Conversations with Kate Rusby (3)
September 08, 2007
I hope you agree with me that her answers to my questions offered a warm and revealing insight into the life of a woman who has done so much to make folk music entertaining without ever threatening to diminish its integrity.
But amid all that natteriness - a word she used, the first time we ever met, to sum up what she loved about her fellow Tykes - it is still possible to pin Kate down to short and sweet answers.
Read on and you will learn a little more about her from a quickfire Q&A session that I decided to bolt on - a bonus track, as it were - to my article for her own website (it was not yet live there, but is now; follow this link and you may read Kate Rusby on the "rare diamond" that is folk).
Let's call it here, as I did for her site, Potted Kate.........
Earliest childhood memory…..
Playing with my doll in our back garden
Where school was…..
Oxspring until I was eight, Cawthorne until I was 11, Penistone High until I was 13 and then Shelley High School, which was fab
Good pupil/bad pupil…..
OK pupil. Good when I fancied, so I suppose that makes me bad!
History and Biology, found both fascinating
Best school memory…..
Play school actually, bouncing on the trampoline then being told there was milk and biscuits. What a luxurious place, I thought
Worst school memory….
Fainting playing netball ‘cos I hadn’t had breakfast. I did have an extra 10 minutes in bed though
The many occasions, sitting working songs out with John McCusker
Cancelling Harrogate gig ‘cos I lost my voice
Favourite traditional song…..
The Blind Harper
Favourite own song…..
The Bitter Boy
State of folk…..
A very exciting time. I heard a girl recently called Ruth Notman, I thought she was fantastic, really special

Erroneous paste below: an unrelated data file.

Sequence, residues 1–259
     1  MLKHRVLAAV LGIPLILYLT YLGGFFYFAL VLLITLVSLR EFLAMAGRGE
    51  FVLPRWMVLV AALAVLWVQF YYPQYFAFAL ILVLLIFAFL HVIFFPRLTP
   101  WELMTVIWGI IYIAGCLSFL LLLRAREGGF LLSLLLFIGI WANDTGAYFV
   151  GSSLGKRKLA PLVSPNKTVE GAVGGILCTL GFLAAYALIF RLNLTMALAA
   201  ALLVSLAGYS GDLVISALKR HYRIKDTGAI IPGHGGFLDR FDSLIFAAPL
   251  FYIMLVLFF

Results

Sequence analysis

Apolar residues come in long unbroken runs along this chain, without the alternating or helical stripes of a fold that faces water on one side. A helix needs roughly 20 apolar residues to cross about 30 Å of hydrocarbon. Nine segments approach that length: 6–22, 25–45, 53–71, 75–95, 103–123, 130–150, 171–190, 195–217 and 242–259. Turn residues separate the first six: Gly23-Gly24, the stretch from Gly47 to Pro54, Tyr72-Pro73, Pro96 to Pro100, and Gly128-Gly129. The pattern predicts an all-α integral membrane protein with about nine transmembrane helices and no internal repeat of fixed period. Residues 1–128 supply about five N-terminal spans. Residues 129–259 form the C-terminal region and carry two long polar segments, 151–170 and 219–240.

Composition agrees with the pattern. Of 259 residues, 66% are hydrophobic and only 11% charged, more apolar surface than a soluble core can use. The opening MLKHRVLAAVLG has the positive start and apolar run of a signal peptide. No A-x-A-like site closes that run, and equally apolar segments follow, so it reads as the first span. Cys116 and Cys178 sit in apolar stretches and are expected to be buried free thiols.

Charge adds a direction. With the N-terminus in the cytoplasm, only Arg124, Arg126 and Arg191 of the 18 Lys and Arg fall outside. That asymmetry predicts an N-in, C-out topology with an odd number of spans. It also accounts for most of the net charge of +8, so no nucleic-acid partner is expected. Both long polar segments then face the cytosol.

If I like it, I like it. Doesn’t have to be okayed by NME! Idlewild’s new record - so much energy. And Arcade Fire, Aqualung, Tony Rose, Maps, Ryan Adams, Ricky Scaggs, and totally love Regina Spektor
I see my dog in the morning
Relax most easily by…..
Sorting things out
Cure for fear of flying……
Easy, moderate or tough……
Anything. Whatever’s on offer
The Lowry in Salford, joint favourite with Sheffield City Hall
Favourite all-time album…..
Nic Jones’s Penguin Eggs
Nic Jones and Dolly Parton
Sexiest man in folk…..
If you had one wish…..
To be happier
Where I want to be 10 years from now……
Body boarding in the Cornish sea
* Earlier in this series, you can read more about Kate Rusby's "dodgy taste in pop music" and having to prove she's old enough to drink.
** Because I had agreed to write for Kate's site, I thought it appropriate - as I did with The Girl Who Couldn't Fly - to declare an interest and decline to review Awkward Annie for the Daily Telegraph. It would have been a rave review, since I honestly believe it is a great album, but readers would have been entitled to detect a conflict of interest. So the DT gave the record to Helen Brown to review. Helen is a very good writer, but she and I often reach different conclusions on the same records (proving yet again, as I keep saying, that reviewers are essentially just fans with platforms). Anyway, guess what - she loved it, too. You can get Awkward Annie here for under - if only just - £9, but you'll need to add another album to your order if you want it postage free.
Hi Colin, many thanks for this interview.
Kate has a new fan, I've just spent the past half hour listening to clips on her site and YouTube.
Think I'll have to pick up her new CD in the next few days.
All the best, Craig
Posted by: Craig McGinty | September 08, 2007 at 10:48 AM
I think it's her best album for a long time. I love the way she is working with brass bands and her own songs are developing well. I was worried about Village Green because I think it is such a great song and so Ray Davies. Would Kate be sardonic enough to carry it off? She puts a different take on it and it is an outstanding track. Keep pushing the boundaries Kate, there's a lot of great music out there for you to work on.
Posted by: Pete Sixsmith | September 11, 2007 at 11:05 AM
Got the album (am I allowed to call it that rather than a CD) and am completely in love with it. It's not so far removed from some of the other quieter music in my collection. It seems criminal that such a talent should be so relatively unknown. Anyway, thanks for steering me towards this. Now for Martin Simpson...
Posted by: Smiley | September 16, 2007 at 08:52 PM